The first Robert B. Parker novel that I ever read was MORTAL STAKES, the third of the Spenser books. The book concerned, along with many other things, professional baseball, and even at the early point in the series Parker's and Spenser's wit was razor-sharp. References were made in those early books to Spenser's service in World War II, something that, uh, isn't referenced much anymore, given that Spenser would be in his early 80s by now and probably not in any shape to be pimpslapping the occasional villainous cad he might encounter. I kept coming back to Spenser's forgotten military service, however, as I read DOUBLE PLAY.
DOUBLE PLAY is not in the Spenser continuum, nor in the worlds of Randall or Stone. It is set in 1947, an era to which Parker is no literary stranger, due to his fine novels POODLE SPRINGS and PERCHANCE TO DREAM. DOUBLE PLAY is in its fashion a historical novel. As Parker so aptly puts it in a short note at the commencement of the book, DOUBLE PLAY is a work of fiction about a real man. The man in question is Jackie Robinson, the first black American to play in what has come to be known as Major League Baseball. That feat was perhaps one of the most significant occurrences of the 20th century with respect to the Civil Rights movement, arguably equaled by the unabashed appeal of Louis Armstrong to white audiences. DOUBLE PLAY, however, is told from the perspective of Joseph Burke, a troubled man whose path makes an unlikely crossing with Robinson's on the eve of the latter's shattering of the color barrier in professional sports.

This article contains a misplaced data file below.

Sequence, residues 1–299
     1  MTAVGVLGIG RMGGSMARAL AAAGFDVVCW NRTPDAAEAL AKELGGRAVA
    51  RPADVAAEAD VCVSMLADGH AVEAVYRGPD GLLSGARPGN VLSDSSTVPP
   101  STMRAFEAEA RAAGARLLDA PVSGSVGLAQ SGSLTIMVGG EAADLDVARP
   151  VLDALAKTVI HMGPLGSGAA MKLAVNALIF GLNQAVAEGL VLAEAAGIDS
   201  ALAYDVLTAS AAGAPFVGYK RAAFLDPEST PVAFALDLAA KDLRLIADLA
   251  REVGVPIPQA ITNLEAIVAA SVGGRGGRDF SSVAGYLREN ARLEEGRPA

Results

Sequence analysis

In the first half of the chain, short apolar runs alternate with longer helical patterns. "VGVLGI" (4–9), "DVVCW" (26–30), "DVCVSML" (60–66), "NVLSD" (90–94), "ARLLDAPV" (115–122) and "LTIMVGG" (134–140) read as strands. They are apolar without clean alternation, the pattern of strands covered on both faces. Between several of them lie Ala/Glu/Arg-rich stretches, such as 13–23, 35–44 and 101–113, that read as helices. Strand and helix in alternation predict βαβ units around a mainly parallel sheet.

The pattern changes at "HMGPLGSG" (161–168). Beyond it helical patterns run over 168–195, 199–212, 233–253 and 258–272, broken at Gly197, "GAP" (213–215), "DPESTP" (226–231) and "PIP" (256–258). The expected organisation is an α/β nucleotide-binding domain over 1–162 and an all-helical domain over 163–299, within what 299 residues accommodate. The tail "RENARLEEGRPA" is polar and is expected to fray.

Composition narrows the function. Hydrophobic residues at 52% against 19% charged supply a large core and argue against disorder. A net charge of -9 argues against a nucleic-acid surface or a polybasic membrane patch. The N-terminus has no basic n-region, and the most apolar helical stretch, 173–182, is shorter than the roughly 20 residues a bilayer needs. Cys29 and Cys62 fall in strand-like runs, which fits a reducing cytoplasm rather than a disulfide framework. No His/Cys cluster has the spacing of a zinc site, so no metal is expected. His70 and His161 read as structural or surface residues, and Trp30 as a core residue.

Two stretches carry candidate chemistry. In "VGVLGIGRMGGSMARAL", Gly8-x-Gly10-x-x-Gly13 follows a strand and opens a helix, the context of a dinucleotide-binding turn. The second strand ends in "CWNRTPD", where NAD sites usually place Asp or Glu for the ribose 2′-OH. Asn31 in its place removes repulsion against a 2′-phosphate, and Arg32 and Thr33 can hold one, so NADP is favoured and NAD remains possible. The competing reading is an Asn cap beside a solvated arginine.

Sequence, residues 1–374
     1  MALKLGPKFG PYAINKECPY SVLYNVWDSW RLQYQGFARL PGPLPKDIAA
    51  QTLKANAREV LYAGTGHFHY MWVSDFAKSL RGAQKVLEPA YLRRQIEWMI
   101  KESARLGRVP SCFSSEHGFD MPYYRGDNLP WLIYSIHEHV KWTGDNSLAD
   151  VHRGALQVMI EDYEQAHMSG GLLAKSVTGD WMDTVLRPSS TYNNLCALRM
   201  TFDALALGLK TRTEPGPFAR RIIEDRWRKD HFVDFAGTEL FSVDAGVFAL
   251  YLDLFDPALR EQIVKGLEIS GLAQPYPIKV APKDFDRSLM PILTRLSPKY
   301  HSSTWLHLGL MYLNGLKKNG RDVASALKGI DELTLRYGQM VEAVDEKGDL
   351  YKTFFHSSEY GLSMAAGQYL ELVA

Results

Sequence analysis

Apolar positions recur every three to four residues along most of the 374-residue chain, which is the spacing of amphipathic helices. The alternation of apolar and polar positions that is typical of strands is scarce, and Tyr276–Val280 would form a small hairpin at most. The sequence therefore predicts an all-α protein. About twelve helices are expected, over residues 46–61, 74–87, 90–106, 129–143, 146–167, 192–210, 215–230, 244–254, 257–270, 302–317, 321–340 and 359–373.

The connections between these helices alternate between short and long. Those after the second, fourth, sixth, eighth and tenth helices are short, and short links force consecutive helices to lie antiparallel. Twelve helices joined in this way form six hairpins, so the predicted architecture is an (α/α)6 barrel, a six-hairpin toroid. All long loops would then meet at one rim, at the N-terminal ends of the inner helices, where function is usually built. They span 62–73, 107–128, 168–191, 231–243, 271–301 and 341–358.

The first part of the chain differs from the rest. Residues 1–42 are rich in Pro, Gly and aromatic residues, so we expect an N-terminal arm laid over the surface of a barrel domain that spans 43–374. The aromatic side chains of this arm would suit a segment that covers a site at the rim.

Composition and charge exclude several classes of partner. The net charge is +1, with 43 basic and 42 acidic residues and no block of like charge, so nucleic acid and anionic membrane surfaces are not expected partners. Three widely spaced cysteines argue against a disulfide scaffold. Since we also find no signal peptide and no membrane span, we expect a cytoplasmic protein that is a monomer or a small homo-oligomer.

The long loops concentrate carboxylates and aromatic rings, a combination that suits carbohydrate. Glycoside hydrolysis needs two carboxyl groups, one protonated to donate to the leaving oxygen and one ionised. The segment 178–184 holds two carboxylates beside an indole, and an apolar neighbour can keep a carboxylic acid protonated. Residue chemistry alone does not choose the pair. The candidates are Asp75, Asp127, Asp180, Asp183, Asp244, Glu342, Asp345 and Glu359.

Burke is a World War II veteran, a marine who survived, though barely, the battle of Guadalcanal. Returning home to an empty house and life, Burke, like Spenser before him, becomes a professional boxer but soon finds that he is almost good, in a sport where such a level of competency is simply not good enough. After being employed for a short time as a "collection agent" for an unsavory character, Burke is hired as a bodyguard by Julius Roach for his daughter Lauren, who, in the words of Roach, needs "looking after." This indeed is an understatement. Lauren is trouble, yet Burke is attracted to something within Lauren, and the two begin an unlikely but perhaps inevitable relationship.
When Burke's employment, and his relationship with Lauren, is terminated, Burke is passed off to a man named Branch Rickey. Rickey is on the verge of presenting Jackie Robinson to the world as the first black professional baseball player. Robinson has been receiving death threats on an almost daily basis; Rickey feels that Robinson needs protection, as well as a guardian angel, as it were, to keep him out of trouble. The message, though implied, is clear: in order for Robinson to succeed, he does not need to be as good as his white counterparts. He needs to be better, on and off the field.
Burke and Robinson accordingly begin a relationship that is, if anything, even more unlikely than Burke's star-crossed relationship with Lauren. The men have some initial difficulty --- white cab drivers won't pick them up because of Robinson and black cabdrivers won't pick them up because of Spenser, for example --- but the men soon develop a relationship based on mutual respect and the similarity of their circumstances. They are both fish out of water, doing the best that they can. It isn't long before they both make some people extremely angry. Burke foils one assassination attempt on Robinson's life, only to disc